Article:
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Planinsko polje
The Slovenian-language term “polje” – which refers to a distinctive field typical of the porous, limestone-rich karstic landscapes – has been adopted by English speaking experts from around the world. One of the most spectacular examples of these unique landscapes is Planinsko Polje in Slovenia’s Inner Carniola Region. Foto: Srdjan Živulović/BoBo
Planinsko polje
Planinsko polje. Foto: Srdjan Živulović/BoBo

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A Remote Field Teeming with Life

Slovenia Revealed
6. October 2017 ob 06:17
Ljubljana - MMC RTV SLO

The Slovenian-language term “polje” – which refers to a distinctive field typical of the porous, limestone-rich karstic landscapes – has been adopted by English speaking experts from around the world. One of the most spectacular examples of these unique landscapes is Planinsko Polje in Slovenia’s Inner Carniola Region.

The erosion of limestone and dolomite layers has given the field its flat appearance, made even more spectacular by the steep hills that surround it. The area, 5 kilometers in length, is still shaped by water. Some of the water bubbles up from deep below ground, while streams descend from the surrounding mountains.

The longest stream in the area, the Unica river, meanders through the field on its way towards the Slovenian capital, where it is known as the Ljubljanica. Parts of Planinsko Polje turn into lakes several times a year, most often after heavy rains. When the rain stops, the excess water eventually disappears down 150 sinkholes spread across the field.

Several times during the 20th century – and as late as the 1970s -, the authorities came up with plans to turn the field into an artificial lake that would power a hydroelectric plant. The plans were never realized – a development that proved to be fortunate for the area’s unique environment.

And what an environment it is: much of the field is covered with marshland, but it’s still easily accessible on foot or bicycle. Patches of ancient oaks and other trees are surrounded by colorful flowers, including the endemic blue amethyst meadow squill, the red sword lily (named for its sword-like shape), and the purple anacamptis palustris orchid.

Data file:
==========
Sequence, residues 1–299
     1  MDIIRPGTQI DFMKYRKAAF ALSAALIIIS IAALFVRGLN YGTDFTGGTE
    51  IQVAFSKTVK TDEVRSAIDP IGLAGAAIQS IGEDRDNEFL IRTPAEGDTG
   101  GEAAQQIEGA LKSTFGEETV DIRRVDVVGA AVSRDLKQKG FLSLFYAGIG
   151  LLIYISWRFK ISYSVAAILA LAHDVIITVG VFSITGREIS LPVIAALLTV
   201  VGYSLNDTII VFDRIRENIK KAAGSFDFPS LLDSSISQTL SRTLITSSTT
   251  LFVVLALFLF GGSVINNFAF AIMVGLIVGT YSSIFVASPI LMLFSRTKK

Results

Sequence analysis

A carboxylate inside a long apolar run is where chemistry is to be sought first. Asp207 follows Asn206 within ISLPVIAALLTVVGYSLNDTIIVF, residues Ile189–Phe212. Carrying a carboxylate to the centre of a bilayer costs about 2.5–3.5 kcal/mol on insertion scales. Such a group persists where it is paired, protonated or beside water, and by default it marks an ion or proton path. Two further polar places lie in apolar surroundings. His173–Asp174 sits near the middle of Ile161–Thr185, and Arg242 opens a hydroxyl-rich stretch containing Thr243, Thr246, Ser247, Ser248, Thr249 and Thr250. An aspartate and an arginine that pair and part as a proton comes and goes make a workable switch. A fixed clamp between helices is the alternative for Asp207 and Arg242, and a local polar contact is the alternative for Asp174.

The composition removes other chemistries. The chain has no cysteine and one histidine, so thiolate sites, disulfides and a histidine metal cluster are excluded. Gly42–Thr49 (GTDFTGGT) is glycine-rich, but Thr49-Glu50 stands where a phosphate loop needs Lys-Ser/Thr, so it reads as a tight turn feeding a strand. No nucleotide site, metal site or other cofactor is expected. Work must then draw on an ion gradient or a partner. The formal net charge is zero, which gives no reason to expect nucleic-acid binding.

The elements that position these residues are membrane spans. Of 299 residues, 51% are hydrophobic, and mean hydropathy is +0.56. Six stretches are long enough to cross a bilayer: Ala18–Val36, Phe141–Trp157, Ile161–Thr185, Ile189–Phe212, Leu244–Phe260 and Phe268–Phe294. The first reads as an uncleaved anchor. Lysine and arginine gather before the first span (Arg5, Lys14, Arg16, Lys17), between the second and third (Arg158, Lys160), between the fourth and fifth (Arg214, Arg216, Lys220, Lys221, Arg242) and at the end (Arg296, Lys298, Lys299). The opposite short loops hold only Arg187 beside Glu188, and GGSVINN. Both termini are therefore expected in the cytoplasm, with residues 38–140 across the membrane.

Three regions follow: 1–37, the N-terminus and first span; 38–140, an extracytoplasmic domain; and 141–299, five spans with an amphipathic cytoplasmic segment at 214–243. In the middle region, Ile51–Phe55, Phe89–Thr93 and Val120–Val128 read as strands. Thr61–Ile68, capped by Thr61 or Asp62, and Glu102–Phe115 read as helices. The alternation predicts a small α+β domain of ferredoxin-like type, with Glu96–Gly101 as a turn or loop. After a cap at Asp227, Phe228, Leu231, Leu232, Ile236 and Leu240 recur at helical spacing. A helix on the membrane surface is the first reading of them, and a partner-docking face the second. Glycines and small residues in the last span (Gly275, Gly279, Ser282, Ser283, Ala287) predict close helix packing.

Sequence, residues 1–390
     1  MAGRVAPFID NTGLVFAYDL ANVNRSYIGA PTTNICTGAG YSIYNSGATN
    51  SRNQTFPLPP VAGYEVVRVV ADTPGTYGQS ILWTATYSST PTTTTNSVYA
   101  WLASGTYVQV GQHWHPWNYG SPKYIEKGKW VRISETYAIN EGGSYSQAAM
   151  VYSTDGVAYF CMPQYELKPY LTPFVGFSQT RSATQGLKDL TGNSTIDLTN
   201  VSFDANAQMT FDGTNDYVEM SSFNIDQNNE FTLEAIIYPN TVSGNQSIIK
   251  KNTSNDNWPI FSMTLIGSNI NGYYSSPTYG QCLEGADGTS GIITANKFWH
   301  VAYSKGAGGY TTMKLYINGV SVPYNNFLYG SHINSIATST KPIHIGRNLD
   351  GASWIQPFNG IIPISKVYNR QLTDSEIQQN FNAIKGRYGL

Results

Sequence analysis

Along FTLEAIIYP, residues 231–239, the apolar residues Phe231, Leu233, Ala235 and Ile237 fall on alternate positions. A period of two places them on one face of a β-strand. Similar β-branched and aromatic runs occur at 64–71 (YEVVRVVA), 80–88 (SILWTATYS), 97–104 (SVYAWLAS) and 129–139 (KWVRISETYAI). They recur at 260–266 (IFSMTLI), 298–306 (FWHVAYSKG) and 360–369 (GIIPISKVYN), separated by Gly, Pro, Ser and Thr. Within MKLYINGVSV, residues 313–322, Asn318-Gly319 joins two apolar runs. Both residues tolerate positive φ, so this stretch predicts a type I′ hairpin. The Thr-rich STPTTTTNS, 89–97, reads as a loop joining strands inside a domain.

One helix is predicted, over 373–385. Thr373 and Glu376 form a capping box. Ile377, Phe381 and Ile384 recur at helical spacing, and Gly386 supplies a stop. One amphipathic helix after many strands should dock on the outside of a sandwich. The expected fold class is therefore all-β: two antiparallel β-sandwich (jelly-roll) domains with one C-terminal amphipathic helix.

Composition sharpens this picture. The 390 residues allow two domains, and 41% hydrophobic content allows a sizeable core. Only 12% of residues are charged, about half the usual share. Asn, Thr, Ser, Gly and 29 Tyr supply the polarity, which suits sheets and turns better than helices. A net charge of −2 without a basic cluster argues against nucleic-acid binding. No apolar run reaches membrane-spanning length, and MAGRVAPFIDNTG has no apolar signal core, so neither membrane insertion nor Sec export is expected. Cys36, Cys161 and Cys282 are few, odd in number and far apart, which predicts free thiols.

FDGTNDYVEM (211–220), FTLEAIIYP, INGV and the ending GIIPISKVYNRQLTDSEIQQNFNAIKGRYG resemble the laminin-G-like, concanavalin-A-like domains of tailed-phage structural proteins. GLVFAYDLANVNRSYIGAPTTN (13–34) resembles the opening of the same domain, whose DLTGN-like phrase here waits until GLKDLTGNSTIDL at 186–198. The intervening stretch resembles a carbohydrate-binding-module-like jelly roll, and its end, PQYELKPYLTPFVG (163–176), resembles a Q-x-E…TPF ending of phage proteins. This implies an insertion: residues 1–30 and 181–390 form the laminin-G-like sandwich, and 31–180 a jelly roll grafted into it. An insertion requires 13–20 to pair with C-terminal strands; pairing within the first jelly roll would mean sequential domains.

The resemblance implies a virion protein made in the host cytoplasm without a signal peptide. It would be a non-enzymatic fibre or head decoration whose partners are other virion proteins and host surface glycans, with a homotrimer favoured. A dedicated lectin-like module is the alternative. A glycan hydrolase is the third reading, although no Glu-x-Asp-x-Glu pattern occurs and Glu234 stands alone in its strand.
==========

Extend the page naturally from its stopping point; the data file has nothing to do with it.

The natural environment of the area also provides an ideal habitat for various species of animals. Deer are frequently seen on the field, while bear and lynx are common in the surrounding hills. Planinsko Polje is a haven for butterflies: 78 species are thought to live in the area. As a habitat of the rare corn crake, the field has also been officially designated as an “Important Bird Area.”

A special attraction of the field is Planinska Jama, a cave system rich in cave life, as well as stalagmites and stalactites. Several underwater lakes attract speleologists from Slovenia and beyond, but much of the cave is open to casual visitors.

Parts of Planinsko Polje have been protected since 1971 and the entire field now enjoys permanent protection on the national level – ensuring that one of Slovenia’s most interesting and unusual environments will escape the impact of human development.

Jaka Bartolj
Planinsko polje
Planinsko polje
Planinsko polje
Planinsko polje
Slovenia Revealed
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